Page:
Leontien de Kwaadsteniet, York Hagmayer, Nicole Krol and Cilia Witteman

Causal client models in selecting effective interventions: A cognitive mapping study

Psychological Assessment

An important reason to choose an intervention to treat psychological problems of clients is the expectation that the intervention will be effective in alleviating the problems. The authors investigated whether clinicians base their ratings of the effectiveness of interventions on models that they construct representing the factors causing and maintaining a client's problems. Forty clinical child psychologists drew causal models and rank ordered interventions according to their expected effectiveness for 2 cases. The authors found that different clinicians constructed different causal models for the same client. Also, the authors found low to moderate agreement about the effectiveness of different interventions. Nevertheless, the authors could predict clinicians' ratings of effectiveness from their individual causal models. (PsycINFO Database Record (c) 2016 APA, all rights reserved)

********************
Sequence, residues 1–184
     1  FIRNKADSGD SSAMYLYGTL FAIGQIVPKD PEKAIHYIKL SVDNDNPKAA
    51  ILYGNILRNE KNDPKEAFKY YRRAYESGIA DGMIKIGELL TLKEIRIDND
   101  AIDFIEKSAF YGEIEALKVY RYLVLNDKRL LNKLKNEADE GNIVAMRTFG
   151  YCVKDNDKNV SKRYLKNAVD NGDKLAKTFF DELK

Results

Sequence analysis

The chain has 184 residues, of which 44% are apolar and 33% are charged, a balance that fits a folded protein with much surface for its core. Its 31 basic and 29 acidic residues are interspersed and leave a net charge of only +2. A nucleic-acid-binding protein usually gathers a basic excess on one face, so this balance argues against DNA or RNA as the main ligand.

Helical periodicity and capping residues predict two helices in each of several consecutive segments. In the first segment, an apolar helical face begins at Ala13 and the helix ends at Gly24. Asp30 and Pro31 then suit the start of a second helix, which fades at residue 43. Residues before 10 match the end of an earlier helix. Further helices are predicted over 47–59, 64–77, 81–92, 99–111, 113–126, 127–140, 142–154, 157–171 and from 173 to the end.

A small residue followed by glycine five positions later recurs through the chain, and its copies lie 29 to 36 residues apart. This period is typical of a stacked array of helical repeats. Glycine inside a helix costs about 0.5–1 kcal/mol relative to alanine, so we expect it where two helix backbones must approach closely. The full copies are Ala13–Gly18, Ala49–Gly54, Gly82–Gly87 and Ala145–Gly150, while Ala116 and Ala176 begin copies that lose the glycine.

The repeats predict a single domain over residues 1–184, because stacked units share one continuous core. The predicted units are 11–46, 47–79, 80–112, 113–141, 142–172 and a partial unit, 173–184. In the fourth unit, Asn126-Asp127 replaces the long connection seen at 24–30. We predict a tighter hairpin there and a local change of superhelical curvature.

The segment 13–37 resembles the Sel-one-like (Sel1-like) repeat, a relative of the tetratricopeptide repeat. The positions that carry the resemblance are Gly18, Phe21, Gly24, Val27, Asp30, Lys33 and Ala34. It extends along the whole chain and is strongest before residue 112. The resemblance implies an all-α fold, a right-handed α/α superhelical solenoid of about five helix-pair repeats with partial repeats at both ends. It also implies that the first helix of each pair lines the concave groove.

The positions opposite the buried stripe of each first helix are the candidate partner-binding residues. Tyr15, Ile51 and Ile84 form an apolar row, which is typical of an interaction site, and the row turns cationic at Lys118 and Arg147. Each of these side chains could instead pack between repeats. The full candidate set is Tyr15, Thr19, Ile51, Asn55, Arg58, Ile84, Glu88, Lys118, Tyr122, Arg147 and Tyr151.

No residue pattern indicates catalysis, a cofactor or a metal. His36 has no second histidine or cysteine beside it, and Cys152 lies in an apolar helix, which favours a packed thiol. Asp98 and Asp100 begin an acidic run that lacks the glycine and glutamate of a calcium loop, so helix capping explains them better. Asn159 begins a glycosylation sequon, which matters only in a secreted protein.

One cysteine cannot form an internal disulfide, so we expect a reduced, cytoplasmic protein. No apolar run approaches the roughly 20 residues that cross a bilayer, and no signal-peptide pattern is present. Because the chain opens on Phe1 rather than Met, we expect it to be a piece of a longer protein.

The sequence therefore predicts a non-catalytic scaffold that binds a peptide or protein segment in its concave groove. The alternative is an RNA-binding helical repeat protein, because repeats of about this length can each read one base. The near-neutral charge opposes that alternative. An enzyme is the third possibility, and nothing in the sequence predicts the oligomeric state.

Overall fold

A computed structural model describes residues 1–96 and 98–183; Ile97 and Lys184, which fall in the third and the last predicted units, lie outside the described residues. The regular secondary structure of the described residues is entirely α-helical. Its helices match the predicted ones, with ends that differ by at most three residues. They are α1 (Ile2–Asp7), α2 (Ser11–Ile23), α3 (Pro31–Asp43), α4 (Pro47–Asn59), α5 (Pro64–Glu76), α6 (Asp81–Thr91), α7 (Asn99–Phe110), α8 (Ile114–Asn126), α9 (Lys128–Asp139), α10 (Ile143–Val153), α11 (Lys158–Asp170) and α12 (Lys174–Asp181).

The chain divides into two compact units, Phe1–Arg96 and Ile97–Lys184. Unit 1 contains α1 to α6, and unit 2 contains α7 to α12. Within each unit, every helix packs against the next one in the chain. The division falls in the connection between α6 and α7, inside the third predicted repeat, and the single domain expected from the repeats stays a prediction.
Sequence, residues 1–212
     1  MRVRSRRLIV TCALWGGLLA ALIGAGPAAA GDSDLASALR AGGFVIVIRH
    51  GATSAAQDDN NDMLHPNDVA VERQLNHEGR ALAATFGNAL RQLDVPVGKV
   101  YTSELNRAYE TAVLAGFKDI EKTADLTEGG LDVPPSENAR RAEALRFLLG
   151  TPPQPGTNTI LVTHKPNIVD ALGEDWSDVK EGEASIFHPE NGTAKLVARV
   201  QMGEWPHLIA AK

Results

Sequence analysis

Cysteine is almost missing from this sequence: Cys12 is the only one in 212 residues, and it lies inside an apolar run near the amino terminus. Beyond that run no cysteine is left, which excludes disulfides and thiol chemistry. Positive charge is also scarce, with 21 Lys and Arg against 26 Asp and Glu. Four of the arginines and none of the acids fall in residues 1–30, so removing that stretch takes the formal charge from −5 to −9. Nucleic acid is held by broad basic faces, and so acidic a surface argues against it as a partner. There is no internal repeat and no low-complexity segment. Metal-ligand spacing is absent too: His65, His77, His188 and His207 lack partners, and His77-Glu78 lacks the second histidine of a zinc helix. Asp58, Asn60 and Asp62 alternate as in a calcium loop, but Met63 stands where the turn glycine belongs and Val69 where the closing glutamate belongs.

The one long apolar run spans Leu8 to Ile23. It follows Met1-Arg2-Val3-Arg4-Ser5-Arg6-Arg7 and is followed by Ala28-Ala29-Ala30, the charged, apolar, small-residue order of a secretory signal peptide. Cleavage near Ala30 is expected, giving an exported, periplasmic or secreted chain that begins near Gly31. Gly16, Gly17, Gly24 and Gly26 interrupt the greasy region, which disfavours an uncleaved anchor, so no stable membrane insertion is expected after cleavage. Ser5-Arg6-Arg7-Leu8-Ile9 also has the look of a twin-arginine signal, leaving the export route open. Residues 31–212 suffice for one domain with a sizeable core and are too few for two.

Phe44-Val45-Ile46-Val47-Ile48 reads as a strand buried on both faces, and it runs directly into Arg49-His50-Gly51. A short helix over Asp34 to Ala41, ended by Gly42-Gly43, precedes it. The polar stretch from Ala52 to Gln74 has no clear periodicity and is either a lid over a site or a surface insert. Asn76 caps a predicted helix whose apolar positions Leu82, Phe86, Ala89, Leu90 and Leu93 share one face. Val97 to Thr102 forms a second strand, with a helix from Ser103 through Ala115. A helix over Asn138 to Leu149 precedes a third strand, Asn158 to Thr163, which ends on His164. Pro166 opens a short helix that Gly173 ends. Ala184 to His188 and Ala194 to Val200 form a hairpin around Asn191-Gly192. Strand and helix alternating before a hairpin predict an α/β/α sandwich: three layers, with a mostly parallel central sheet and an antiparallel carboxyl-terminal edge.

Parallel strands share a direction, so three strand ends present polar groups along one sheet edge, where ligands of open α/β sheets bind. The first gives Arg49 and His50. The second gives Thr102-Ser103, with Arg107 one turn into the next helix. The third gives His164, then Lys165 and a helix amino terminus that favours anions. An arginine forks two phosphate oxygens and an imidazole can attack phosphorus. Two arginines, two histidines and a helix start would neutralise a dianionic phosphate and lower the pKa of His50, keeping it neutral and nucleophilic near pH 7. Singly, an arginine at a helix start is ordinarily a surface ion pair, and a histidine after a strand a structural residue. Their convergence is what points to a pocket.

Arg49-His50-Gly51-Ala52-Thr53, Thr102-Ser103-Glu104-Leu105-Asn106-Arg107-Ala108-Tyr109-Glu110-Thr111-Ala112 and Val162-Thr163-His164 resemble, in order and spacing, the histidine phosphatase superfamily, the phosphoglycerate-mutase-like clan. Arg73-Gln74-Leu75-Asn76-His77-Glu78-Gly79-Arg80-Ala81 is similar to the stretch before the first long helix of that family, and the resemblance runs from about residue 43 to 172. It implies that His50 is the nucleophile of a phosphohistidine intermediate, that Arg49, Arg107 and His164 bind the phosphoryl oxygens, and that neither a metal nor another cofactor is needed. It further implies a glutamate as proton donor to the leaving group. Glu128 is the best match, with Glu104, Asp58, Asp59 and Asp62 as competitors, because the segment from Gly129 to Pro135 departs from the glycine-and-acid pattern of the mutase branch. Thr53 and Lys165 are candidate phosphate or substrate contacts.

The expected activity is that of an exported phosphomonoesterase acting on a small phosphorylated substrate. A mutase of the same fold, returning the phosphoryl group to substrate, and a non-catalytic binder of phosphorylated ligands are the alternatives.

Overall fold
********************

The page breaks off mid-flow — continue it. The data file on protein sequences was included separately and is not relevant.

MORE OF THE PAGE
Accession Number: 2010-18043-010. PMID: 20822270 Other Journal Title: Psychological Assessment: A Journal of Consulting and Clinical Psychology. Partial author list: First Author & Affiliation: de Kwaadsteniet, Leontien; Behavioural Science Institute, Radboud University Nijmegen, Nijmegen, Netherlands. Release Date: 20100906. Publication Type: Journal (0100), Peer Reviewed Journal (0110). Format Covered: Electronic. Document Type: Journal Article. Language: English. Major Descriptor: Clinical Judgment (Not Diagnosis); Cognitive Maps; Decision Making; Reasoning; Treatment Planning. Classification: Professional Personnel Attitudes & Characteristics (3430); Health & Mental Health Treatment & Prevention (3300). Population: Human (10); Male (30); Female (40). Location: Netherlands. Age Group: Adulthood (18 yrs & older) (300). Methodology: Empirical Study; Quantitative Study. References Available: Y. Page Count: 12. Issue Publication Date: Sep, 2010. Publication History: Accepted Date: Mar 9, 2010; Revised Date: Jan 26, 2010; First Submitted Date: Jul 2, 2009. Copyright Statement: American Psychological Association. 2010.